This week’s Federal Budget includes nearly $161 million to develop an Australian satellite-based augmentation system (SBAS), capable of providing many GNSS-equipped aircraft with the ability to make precision approaches.
The funding is in addition to $12 million announced in January 2017 for a two-year SBAS testbed led by Geoscience Australia and the Cooperative Research Centre for Spatial Information (CRCSI). As Flight Safety Australia reported in November 2017, the technology has applications in a variety of industries, including agriculture and transport.
SBAS uses geostationary (high orbit) satellites to transmit correction signals to GNSS receivers, allowing accuracies of up to 10 centimetres. In the case of aviation, the signals are received by aircraft fitted with TSO-C145/-C146 or later GNSS receivers, allowing precision approaches using localiser performance with continuous vertical guidance down to a low minima.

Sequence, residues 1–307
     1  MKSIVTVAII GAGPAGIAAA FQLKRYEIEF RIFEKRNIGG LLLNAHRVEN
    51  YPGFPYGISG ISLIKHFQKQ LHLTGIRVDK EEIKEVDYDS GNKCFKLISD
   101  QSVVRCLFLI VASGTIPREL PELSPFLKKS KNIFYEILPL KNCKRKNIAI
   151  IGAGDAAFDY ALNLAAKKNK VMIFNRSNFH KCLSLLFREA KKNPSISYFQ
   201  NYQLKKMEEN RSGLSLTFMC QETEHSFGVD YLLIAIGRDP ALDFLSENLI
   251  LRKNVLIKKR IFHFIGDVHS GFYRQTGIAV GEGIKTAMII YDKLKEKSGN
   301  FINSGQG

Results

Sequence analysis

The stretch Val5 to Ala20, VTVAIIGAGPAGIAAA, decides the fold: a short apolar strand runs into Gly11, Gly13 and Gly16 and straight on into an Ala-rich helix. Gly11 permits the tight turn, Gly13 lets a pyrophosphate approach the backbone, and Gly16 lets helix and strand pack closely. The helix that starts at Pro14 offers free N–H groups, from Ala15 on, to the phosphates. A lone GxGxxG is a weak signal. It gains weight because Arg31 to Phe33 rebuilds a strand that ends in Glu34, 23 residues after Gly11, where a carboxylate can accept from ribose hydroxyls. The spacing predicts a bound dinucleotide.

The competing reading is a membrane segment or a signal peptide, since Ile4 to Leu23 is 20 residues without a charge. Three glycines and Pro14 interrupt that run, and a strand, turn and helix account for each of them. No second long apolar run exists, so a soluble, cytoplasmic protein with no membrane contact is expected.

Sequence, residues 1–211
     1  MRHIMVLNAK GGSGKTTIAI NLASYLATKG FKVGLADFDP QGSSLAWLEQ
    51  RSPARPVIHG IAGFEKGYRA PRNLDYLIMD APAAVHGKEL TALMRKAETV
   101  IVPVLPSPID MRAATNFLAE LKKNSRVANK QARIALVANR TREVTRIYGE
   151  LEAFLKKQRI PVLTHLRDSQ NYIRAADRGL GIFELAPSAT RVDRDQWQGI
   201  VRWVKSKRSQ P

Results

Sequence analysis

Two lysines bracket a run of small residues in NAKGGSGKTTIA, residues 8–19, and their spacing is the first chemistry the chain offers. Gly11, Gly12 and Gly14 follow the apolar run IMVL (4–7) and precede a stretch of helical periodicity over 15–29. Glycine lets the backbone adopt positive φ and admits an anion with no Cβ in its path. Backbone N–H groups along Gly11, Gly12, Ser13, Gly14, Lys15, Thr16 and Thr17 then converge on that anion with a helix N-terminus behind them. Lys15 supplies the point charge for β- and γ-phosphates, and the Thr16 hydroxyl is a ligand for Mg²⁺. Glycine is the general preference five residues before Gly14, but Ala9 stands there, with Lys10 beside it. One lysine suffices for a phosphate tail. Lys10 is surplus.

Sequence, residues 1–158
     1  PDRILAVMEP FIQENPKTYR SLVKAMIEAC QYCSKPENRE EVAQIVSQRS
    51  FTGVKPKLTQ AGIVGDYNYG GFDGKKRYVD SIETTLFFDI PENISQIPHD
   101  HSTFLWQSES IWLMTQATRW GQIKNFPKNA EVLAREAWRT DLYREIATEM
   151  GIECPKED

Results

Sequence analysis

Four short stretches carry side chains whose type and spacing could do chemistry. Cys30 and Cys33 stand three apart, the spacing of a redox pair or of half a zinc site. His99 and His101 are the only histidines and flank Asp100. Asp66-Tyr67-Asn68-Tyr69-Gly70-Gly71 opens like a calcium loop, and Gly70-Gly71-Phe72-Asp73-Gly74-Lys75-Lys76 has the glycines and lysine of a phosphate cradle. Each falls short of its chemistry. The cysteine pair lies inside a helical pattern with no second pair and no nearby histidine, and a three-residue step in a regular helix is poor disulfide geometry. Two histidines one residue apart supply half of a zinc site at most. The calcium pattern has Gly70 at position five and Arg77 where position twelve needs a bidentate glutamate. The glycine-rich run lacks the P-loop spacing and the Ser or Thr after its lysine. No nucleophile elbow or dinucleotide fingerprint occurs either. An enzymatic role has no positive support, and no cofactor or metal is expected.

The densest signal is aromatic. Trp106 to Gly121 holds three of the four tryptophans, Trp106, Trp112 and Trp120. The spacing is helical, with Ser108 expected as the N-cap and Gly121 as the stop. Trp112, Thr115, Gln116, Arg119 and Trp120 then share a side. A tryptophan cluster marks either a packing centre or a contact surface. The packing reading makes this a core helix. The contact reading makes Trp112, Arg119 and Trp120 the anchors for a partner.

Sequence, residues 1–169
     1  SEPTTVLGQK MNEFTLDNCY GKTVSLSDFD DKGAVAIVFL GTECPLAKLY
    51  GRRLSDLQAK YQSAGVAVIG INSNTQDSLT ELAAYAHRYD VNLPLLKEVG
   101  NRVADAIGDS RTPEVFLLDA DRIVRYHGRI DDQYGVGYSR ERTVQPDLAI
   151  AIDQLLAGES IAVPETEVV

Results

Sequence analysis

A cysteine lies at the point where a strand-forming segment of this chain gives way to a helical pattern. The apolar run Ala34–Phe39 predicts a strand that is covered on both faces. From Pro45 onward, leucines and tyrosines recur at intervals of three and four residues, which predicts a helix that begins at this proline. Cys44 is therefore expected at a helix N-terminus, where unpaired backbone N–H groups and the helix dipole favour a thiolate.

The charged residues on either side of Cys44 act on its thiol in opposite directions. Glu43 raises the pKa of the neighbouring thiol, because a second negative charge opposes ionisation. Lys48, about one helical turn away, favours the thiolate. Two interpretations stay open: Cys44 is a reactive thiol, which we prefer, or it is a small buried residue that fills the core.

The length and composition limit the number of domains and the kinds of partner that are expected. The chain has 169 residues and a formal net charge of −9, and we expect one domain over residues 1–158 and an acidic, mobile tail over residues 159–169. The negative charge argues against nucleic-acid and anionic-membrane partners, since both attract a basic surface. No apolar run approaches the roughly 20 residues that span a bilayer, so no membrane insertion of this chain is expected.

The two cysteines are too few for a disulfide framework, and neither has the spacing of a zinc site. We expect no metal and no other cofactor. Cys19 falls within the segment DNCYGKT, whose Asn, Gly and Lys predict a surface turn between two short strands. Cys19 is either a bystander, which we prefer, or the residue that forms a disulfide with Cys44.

Resources and Northern Australia minister Matthew Canavan said the funding would enable ‘certain aircraft to land at far-flung airports in poor weather instead of having to divert’.
Regional airlines have been pushing for the adoption of an SBAS, as has the Australian Airline Pilots’ Association. Such technology is already used in the US, Russia, India, Japan and parts of Europe and groups here say there is a safety case for the technology.
The SBAS funding is part of $260 million funding announced in the Budget for GNSS and improved satellite imagery.